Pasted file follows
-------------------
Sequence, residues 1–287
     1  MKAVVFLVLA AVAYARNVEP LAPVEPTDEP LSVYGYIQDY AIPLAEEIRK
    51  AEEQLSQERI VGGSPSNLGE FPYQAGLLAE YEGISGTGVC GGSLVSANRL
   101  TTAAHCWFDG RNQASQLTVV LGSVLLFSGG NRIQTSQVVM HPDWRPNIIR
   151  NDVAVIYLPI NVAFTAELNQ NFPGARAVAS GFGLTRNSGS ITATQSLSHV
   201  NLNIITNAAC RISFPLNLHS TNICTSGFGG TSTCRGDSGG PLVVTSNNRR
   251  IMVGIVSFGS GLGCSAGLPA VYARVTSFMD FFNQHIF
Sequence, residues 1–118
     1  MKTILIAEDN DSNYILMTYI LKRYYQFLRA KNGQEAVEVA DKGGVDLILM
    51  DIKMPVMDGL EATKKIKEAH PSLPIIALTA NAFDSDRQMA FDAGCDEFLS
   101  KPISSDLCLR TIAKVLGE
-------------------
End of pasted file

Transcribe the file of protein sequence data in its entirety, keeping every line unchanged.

Sequence, residues 1–287
     1  MKAVVFLVLA AVAYARNVEP LAPVEPTDEP LSVYGYIQDY AIPLAEEIRK
    51  AEEQLSQERI VGGSPSNLGE FPYQAGLLAE YEGISGTGVC GGSLVSANRL
   101  TTAAHCWFDG RNQASQLTVV LGSVLLFSGG NRIQTSQVVM HPDWRPNIIR
   151  NDVAVIYLPI NVAFTAELNQ NFPGARAVAS GFGLTRNSGS ITATQSLSHV
   201  NLNIITNAAC RISFPLNLHS TNICTSGFGG TSTCRGDSGG PLVVTSNNRR
   251  IMVGIVSFGS GLGCSAGLPA VYARVTSFMD FFNQHIF
Sequence, residues 1–118
     1  MKTILIAEDN DSNYILMTYI LKRYYQFLRA KNGQEAVEVA DKGGVDLILM
    51  DIKMPVMDGL EATKKIKEAH PSLPIIALTA NAFDSDRQMA FDAGCDEFLS
   101  KPISSDLCLR TIAKVLGE